One of my current folklore obsessions is the traditional Newfoundland birch broom. I've written about birch brooms on this blog before, and you can read about what a birch broom is (and see a video of Mr. Joshua Young making one) here, and more photos of the process here. If you are so inclined, you can also read an article I wrote called "Street Arabs, Drain Sweepers, and Birch Brooms."
The birch broom picture above belongs to Janet Edmonds of St. John's, and was made by her maternal grandfather, Samuel Robert "Young Sam" Spencer (1920-2001), originally of Cul de Sac West, a now-resettled community just east of Cape la Hune on Newfoundland's south coast.
|Photo of Samuel R. Spencer, courtesy Janet Edmonds.|
A few years before his death, he made a batch of birch brooms for family members and grandchildren, including one for Janet and one for her sister. Janet tells me that he was a bit of a craftsman, and liked to putter around making things, including a long-handled "pooper-scooper" so he wouldn't have to bend over while walking the dog.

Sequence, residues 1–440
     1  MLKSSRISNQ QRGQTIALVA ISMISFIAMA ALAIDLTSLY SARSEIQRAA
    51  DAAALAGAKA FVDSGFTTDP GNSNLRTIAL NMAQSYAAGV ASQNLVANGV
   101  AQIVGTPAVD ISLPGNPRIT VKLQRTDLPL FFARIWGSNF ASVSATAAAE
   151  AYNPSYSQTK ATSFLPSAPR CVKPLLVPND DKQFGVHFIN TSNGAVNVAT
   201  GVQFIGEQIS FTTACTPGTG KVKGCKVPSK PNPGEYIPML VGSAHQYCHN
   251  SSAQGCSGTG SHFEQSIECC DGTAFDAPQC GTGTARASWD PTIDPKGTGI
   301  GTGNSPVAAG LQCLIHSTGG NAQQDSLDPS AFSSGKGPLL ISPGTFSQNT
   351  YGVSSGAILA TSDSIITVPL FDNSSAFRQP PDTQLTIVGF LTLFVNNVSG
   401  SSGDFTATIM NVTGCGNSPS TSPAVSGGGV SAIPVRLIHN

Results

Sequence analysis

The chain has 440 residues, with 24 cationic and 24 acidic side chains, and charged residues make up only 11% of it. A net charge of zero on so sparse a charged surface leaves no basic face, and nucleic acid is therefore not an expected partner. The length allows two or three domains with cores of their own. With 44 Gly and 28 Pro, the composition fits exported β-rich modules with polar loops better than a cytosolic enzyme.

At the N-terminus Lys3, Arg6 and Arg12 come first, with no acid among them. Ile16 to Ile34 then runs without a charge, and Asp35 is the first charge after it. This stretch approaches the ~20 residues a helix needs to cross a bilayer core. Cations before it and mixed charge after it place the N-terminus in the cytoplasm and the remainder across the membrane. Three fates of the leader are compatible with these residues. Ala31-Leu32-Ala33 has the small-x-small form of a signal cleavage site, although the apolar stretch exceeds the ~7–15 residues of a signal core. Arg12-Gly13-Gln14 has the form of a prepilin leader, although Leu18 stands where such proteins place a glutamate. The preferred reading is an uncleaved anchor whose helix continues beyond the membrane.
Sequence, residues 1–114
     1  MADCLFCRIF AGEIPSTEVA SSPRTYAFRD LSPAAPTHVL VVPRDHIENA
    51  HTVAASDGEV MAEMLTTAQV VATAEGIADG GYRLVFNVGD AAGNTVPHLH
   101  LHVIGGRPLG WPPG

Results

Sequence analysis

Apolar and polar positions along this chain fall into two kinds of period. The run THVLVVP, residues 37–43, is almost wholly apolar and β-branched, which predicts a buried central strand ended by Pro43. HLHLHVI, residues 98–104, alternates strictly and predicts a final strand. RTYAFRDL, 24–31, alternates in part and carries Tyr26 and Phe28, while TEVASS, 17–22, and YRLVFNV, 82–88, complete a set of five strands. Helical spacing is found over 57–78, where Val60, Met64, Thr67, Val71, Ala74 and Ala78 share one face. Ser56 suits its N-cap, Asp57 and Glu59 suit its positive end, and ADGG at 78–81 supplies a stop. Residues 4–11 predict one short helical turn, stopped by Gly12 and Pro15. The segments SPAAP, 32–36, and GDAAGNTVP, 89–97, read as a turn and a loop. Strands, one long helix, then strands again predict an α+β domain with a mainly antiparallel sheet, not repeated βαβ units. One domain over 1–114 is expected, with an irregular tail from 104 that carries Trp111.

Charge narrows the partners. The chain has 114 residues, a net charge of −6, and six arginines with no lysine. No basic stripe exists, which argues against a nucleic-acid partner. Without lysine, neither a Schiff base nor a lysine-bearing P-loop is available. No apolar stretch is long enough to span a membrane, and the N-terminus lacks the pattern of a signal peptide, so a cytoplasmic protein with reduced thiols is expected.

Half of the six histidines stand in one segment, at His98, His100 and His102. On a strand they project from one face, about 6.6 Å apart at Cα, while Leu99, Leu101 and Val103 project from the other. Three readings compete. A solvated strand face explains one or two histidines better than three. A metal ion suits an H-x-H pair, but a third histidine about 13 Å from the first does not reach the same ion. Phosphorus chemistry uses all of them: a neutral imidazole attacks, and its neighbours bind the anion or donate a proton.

Mr. Spencer's birch brooms are very similar in style to those made by Joshua Young, who grew up in Grey River, only a short boat ride (20km or so) from Cul de Sac. The major difference between the two makers is that Spencer's brooms are tied off with wire, rather than the cord used by Young.
Do you have a birch broom with a story? I want to hear it! I'd also love to track down some living birch broom makers. If you have ideas or memories, comment below, or email me at firstname.lastname@example.org.
- Dale Jarvis